Emergency Medical Technicians


Employment Prospects


Approximately 262,100 emergency medical technicians and paramedics are employed in the United States. EMTs are employed by fire departments, private ambulance services, police departments, volunteer emergency medical services squads, hospitals, industrial plants, or other organizations that provide prehospital emergency care.

Starting Out

A good source of employment leads for a recent graduate of the basic EMT training program is the school or agency that provided the training. You can also apply directly to local ambulance services, fire departments, and employment agencies.

In some areas, you may face stiff competition if you are seeking full-time paid employment immediately upon graduation. Although you may sometimes qualify for positions with fire and police departments, you are generally more likely to be successful in pursuing positions with private companies.

Volunteer work is an option for EMTs. Volunteers are likely to average eight to 12 hours of work per week. If you are a beginning EMT without prior work experience in the health field, you may find it advantageous to start your career as a part-time volunteer to gain experience.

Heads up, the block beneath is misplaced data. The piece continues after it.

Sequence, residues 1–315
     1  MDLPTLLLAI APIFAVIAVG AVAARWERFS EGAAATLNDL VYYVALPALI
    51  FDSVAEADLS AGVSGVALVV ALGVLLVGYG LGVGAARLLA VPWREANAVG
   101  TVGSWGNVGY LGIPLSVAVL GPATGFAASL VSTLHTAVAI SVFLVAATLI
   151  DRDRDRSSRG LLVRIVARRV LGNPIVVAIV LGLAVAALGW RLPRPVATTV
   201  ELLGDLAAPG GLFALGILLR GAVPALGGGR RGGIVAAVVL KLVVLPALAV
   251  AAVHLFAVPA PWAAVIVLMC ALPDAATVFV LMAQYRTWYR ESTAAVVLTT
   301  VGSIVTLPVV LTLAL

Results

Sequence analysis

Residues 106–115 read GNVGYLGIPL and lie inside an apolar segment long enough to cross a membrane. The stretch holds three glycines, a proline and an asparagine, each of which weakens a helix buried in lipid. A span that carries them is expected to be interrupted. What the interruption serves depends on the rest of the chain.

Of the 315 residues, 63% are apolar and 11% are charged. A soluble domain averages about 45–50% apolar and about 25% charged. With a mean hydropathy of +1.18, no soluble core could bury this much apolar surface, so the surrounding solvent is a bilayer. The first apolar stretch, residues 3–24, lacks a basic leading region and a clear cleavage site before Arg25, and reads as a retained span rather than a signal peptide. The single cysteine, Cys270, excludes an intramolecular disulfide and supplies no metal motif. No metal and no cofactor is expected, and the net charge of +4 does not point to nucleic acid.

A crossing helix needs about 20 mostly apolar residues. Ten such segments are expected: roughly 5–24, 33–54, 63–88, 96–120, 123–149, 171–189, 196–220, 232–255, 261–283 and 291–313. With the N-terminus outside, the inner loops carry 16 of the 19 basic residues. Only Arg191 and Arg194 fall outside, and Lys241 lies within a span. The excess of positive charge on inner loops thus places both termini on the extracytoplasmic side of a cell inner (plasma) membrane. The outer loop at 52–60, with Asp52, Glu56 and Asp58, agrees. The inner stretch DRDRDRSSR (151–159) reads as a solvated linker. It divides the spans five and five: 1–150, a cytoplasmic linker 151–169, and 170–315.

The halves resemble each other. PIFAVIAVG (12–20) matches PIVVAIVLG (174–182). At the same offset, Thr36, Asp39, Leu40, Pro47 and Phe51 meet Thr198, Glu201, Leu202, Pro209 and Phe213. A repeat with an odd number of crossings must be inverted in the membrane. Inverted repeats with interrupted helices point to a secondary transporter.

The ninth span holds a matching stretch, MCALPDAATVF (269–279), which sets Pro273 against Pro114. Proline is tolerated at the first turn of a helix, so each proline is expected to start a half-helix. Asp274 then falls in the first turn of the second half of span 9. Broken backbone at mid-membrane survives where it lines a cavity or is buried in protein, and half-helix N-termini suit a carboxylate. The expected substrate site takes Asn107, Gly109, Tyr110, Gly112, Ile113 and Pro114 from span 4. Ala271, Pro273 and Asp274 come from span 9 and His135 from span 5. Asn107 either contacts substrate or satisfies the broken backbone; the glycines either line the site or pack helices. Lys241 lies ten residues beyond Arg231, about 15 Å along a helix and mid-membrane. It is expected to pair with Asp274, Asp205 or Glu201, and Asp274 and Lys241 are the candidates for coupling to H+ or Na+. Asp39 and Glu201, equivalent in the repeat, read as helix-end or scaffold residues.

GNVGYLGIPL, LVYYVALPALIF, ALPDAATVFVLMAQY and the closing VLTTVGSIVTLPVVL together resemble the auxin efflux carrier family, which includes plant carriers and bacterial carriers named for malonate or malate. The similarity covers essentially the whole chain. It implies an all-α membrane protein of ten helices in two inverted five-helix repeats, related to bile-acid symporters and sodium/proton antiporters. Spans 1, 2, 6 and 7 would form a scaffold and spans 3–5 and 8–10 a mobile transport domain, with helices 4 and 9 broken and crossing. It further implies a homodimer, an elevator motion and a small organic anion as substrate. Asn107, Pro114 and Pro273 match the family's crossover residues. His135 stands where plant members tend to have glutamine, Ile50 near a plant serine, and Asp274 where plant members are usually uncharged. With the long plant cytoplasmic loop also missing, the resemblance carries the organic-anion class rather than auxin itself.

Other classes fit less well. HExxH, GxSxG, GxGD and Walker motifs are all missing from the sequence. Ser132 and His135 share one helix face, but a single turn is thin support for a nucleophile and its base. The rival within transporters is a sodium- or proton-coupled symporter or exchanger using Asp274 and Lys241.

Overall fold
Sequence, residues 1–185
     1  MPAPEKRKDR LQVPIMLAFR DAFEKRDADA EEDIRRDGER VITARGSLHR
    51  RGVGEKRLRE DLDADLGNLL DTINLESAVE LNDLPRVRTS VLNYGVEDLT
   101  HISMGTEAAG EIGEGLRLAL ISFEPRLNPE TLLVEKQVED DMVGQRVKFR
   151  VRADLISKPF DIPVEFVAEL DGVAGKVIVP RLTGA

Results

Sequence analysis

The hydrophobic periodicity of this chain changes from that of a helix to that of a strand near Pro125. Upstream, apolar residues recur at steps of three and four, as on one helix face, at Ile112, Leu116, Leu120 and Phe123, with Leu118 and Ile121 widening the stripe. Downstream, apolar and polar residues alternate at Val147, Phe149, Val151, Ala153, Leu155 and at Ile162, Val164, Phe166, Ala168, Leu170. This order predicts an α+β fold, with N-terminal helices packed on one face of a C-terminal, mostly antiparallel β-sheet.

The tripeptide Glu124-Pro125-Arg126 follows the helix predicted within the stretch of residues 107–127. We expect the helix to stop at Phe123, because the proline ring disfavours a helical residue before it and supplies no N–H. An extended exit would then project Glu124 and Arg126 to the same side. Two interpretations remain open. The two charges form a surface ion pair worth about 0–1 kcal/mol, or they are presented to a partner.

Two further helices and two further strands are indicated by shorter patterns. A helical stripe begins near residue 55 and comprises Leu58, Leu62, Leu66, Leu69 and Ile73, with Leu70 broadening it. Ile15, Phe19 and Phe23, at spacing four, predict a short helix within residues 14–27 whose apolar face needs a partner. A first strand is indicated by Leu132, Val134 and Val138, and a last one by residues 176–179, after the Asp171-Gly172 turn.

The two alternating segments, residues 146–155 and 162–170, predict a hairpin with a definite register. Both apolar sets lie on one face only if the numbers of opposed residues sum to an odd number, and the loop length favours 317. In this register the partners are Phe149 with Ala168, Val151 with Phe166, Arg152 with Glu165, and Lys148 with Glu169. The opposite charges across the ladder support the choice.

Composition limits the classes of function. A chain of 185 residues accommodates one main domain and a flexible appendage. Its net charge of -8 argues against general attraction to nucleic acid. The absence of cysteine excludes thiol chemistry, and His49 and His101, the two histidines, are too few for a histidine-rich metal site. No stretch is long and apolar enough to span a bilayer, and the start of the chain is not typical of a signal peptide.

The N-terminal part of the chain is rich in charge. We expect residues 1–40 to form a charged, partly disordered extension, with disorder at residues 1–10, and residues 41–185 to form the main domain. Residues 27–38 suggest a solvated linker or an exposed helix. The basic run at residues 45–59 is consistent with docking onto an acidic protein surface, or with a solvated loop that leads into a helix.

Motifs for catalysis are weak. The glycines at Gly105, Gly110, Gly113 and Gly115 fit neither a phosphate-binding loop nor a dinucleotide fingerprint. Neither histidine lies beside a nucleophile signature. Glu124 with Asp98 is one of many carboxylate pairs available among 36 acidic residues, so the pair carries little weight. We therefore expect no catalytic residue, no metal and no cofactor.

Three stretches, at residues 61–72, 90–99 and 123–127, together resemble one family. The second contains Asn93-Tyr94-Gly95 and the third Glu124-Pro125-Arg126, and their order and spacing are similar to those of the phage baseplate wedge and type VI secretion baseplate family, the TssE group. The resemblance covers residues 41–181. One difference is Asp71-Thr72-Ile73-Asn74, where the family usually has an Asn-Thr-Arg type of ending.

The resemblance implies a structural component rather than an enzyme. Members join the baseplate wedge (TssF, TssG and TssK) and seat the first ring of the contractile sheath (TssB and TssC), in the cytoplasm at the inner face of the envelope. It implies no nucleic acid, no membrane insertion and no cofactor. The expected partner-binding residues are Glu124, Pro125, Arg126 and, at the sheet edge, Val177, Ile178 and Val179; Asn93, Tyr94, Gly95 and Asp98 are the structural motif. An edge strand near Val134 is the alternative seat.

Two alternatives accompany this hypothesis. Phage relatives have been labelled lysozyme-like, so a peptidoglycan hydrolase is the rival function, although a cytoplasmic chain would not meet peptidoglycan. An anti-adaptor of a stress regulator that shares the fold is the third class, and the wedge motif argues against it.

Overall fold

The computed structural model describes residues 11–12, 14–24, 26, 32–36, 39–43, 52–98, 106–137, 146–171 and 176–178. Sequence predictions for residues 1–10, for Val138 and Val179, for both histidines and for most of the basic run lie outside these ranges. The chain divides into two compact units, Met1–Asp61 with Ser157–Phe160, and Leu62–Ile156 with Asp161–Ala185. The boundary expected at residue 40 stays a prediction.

Flexibility about the location of a job may help you gain a foothold on the career ladder. In some areas, salaried positions are hard to find because of a strong tradition of volunteer ambulance services. Therefore, if you are willing to relocate where the demand is higher, you should have a better chance of finding employment.

Advancement Prospects

With experience, EMTs can gain more responsibility while retaining the same job. However, more significant advancement is possible if you move up through the progression of ratings recognized by the National Registry of Emergency Medical Technicians. These ratings acknowledge increasing qualifications, making higher paying jobs and more responsibility easier to obtain.

An avenue of advancement for some EMTs leads to holding an administrative job, such as supervisor, director, operations manager, or trainer. Another path might be further training in a different area of the health care field. Some EMTs eventually move out of the health care field entirely and into medical sales, where their familiarity with equipment and terminology can make them valuable employees.

Tips for Entry

Join the National Association of Emergency Medical Technicians to receive discounts on continuing education classes, a free subscription to EMS World Magazine, access to networking opportunities, and other resources.

Visit http://www.emsjobcenter.com for job listings.

Talk to EMTs about their careers. Ask them for advice on preparing for and breaking into the field.